By Kara Sherrer
Most finance employees in the early stages of their career hope to move eventually from investment banking to the private equity side. A rare few land jobs in private equity from the start, and Arti Vula (MSF’17) is one of them.
A Change of Plans
Vula didn’t originally plan on working in finance at all, and his journey to Owen and private equity was anything but straightforward. In fact, Vula actually came to the U.S. in 1999 as a refugee of the Kosovo War. As the conflict between the Albanians and the Serbians escalated, Vula and his family (who are Albanian) sought refuge with his uncle in Lexington, KY.
He grew up in Lexington and matriculated down the street at the University of Kentucky, where he played rugby and studied economics and political science. He completed his undergraduate degree in three years and originally planned to go into academia.
“I graduated quickly and hadn’t thought a great deal about (what I wanted to do),” he recalls. “I just assumed I was going to back to school (to enter academia). It took a bit of time to realize I didn’t want to do that.”
After coming to that decision, he worked in a high-end restaurant in Lexington for about two years while he considered what career he did want. He began reading books by and about Warren Buffett, which piqued his interest in finance.
“Once I started reading his books, I started seeing that it’s not just some opaque number on a ticker,” he said. “There’s companies behind it and there are fundamental (market forces) that move them…that really interested me a great deal.”
Back to School
With a finance career in mind, Vula began to consider a return to school. He looked at MBA programs but decided that he didn’t have enough work experience and didn’t want to take two years off to get a degree. A Master of Science in Finance program perfectly suited his needs.
Owen was one of his top picks initially and became his first choice after his campus visit. Vula appreciated that Owen’s MSF program has dedicated staff and resources (instead of sharing them with the MBA program) and felt that the staff genuinely cared about each student.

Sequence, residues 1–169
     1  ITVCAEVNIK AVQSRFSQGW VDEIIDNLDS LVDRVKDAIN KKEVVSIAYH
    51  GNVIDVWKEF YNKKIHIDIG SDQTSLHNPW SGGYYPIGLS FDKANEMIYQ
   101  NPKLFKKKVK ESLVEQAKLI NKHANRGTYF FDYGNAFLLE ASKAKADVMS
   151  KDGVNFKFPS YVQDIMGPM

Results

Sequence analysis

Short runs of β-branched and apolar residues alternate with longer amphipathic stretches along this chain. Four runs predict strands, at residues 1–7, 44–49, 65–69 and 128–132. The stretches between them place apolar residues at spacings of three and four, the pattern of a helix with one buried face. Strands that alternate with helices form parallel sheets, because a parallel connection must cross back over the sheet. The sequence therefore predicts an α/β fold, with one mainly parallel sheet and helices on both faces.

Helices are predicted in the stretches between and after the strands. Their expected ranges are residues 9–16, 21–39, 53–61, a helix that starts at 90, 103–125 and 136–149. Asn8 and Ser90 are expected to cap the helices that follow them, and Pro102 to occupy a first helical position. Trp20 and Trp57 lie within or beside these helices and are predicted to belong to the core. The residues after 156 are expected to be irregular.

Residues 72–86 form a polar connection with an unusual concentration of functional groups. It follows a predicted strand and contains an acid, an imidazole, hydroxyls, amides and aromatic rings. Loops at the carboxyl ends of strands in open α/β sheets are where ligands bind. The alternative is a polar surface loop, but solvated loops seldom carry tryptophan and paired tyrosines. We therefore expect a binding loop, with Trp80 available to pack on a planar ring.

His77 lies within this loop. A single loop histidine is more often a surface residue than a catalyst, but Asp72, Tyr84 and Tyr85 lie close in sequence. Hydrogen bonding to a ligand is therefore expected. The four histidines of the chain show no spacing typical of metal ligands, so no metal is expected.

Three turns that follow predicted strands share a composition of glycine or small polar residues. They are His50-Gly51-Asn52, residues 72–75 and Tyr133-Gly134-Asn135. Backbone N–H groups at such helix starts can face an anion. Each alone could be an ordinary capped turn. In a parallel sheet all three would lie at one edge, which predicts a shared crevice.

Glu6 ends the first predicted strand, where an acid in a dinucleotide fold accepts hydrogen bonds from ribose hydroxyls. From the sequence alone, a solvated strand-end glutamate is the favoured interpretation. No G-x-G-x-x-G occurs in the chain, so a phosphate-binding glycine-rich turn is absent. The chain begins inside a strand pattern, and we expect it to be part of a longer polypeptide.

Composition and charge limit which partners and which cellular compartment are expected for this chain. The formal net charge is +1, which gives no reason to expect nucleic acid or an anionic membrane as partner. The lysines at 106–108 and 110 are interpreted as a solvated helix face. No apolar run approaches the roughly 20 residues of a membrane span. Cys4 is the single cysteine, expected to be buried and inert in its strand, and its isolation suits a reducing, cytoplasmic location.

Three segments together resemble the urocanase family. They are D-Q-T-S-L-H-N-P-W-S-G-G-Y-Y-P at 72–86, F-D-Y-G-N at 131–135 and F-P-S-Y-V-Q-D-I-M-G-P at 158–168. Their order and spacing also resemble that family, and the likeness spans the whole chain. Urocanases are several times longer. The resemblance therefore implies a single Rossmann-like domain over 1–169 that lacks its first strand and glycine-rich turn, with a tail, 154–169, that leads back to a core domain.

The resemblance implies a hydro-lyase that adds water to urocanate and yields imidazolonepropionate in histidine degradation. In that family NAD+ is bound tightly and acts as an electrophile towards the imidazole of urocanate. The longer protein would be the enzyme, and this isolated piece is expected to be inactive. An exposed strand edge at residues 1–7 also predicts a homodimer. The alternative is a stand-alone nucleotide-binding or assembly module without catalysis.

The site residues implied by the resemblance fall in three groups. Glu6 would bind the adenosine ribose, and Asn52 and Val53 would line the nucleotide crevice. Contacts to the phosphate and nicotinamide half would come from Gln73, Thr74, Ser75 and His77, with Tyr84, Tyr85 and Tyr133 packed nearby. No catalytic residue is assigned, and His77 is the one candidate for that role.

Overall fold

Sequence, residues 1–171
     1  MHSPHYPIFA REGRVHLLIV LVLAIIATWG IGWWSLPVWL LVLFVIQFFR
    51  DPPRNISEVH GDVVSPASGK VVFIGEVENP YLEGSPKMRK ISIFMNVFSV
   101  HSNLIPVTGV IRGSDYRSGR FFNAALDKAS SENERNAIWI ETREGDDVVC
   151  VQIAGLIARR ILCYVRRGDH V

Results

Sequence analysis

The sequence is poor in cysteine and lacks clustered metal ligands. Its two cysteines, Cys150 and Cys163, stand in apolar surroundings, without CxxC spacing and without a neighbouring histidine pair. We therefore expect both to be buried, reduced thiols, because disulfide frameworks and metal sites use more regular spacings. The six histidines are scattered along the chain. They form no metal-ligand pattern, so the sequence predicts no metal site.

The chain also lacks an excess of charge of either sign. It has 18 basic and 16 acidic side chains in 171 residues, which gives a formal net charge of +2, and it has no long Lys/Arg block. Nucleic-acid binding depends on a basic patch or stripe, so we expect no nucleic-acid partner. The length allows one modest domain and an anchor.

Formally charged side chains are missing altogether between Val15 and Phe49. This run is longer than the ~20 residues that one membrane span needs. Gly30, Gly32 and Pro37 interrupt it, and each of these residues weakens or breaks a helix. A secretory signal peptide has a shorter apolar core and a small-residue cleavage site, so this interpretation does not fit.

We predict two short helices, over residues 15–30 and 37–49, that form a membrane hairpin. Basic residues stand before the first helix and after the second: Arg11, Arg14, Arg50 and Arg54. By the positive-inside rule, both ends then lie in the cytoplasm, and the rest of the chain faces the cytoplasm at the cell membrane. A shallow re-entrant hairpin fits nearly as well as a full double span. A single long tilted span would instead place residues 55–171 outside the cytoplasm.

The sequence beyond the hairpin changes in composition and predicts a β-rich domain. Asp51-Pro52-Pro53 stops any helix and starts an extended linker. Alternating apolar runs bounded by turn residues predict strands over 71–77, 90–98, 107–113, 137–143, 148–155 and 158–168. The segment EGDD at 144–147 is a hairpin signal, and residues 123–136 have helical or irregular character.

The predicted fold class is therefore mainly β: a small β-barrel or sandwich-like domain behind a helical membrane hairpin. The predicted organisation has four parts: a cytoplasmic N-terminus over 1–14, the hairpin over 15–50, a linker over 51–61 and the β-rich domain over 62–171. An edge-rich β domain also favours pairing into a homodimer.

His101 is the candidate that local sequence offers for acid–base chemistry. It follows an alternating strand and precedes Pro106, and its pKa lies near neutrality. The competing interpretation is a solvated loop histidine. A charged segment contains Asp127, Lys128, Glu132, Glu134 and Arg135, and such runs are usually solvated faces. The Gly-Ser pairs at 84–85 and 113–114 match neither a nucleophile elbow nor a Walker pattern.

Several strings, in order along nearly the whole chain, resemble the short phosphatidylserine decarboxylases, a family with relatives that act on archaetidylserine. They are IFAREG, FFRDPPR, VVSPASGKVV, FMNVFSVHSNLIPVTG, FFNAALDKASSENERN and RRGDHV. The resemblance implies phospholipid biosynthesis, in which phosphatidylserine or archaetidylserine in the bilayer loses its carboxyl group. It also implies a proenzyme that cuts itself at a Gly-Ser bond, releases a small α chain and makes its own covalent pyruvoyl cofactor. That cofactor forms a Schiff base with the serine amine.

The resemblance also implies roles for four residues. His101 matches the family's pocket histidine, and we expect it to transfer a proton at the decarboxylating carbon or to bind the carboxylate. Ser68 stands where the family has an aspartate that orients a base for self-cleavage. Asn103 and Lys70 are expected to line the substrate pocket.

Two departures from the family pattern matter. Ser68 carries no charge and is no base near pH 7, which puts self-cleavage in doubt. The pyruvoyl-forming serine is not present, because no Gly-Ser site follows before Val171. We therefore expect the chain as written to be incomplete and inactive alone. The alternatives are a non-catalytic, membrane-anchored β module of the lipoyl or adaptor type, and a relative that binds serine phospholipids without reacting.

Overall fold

“After I came for a campus visit and met (Senior Associate Director of Career Management) Blake (Gore) and some of the other staff, they immediately became my first choice,” he said. “The MSF program gives you the necessary intellectual tools…but I think what sets them apart are the resources (like the Career Management Center).”
While at Owen, Vula also interned at local financial advisory firm Rayburn West Financial Services. Despite the demands on his time, Vula managed to ace his classes. At commencement, he received the Dean’s Award for Academic Excellence in the Master of Science in Finance for his year, given to the individual with the highest GPA in each program. Vula keeps the award in his new apartment.
“I was just focused on my classes, trying to keep my GPA up to get ready for recruiting…but I’m happy that I did it,” he recalls. “I don’t think that grades were the most important achievement or the driving factor of my value from the program, but it was nice (to be recognized at commencement).”
The more you know ‘this is what I want to do,’ the more you can achieve. -Arti Vula
Starting in Private Equity
After graduating, Vula started his new job as a Private Equity Analyst at Battle Investment Group in Atlanta. He found out about the opportunity through Doreways, Vanderbilt’s online job posting portal, but he credits the MSF recruiting resources with helping him land the job.
“I found the opportunity through Doreways, but a lot of what led me to take advantage of it…was all the networking and interviews I did beforehand,” he said. “When you pick up the phone and call (alumni), not only are they willing to speak to you, but they want to speak with you…It was probably one of the most significant factors (in preparing me for recruiting),”
Vula admits that going straight into private equity after school can be difficult, but says that he’s learning more every day and appreciates getting to work closely with the company partners.
“Going into private equity without a great deal of experience is not necessarily easy and doesn’t happen often,” he said. “I think private equity offers a lot because you get to make an investment in one specific company and then own it and work to improve it from the inside.”
Vula knows how difficult it can be to decide which career path to follow. His top piece of advice for young professionals is to contact alumni and other mid-career employees to get firsthand stories.
“Finance offers you a lot of options, and sometimes it’s hard to understand what the daily functions and long-term career trajectories looks like (without talking to someone),” he said. “The more you know ‘this is what I want to do,’ the more you can achieve.”